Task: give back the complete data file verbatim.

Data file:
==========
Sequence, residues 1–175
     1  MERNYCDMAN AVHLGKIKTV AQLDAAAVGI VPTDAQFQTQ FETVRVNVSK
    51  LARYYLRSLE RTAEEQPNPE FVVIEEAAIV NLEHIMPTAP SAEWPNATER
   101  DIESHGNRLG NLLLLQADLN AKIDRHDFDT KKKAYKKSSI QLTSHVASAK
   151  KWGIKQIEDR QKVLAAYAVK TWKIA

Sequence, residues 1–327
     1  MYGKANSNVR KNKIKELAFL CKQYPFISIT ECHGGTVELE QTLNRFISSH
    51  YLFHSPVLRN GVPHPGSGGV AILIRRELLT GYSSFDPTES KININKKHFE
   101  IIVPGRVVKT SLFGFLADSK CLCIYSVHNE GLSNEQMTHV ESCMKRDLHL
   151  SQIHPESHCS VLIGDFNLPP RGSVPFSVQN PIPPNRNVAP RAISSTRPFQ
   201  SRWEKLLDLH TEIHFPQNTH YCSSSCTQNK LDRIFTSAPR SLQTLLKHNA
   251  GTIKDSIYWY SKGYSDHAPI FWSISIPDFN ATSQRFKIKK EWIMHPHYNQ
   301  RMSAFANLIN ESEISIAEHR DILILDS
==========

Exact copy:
Sequence, residues 1–175
     1  MERNYCDMAN AVHLGKIKTV AQLDAAAVGI VPTDAQFQTQ FETVRVNVSK
    51  LARYYLRSLE RTAEEQPNPE FVVIEEAAIV NLEHIMPTAP SAEWPNATER
   101  DIESHGNRLG NLLLLQADLN AKIDRHDFDT KKKAYKKSSI QLTSHVASAK
   151  KWGIKQIEDR QKVLAAYAVK TWKIA

Sequence, residues 1–327
     1  MYGKANSNVR KNKIKELAFL CKQYPFISIT ECHGGTVELE QTLNRFISSH
    51  YLFHSPVLRN GVPHPGSGGV AILIRRELLT GYSSFDPTES KININKKHFE
   101  IIVPGRVVKT SLFGFLADSK CLCIYSVHNE GLSNEQMTHV ESCMKRDLHL
   151  SQIHPESHCS VLIGDFNLPP RGSVPFSVQN PIPPNRNVAP RAISSTRPFQ
   201  SRWEKLLDLH TEIHFPQNTH YCSSSCTQNK LDRIFTSAPR SLQTLLKHNA
   251  GTIKDSIYWY SKGYSDHAPI FWSISIPDFN ATSQRFKIKK EWIMHPHYNQ
   301  RMSAFANLIN ESEISIAEHR DILILDS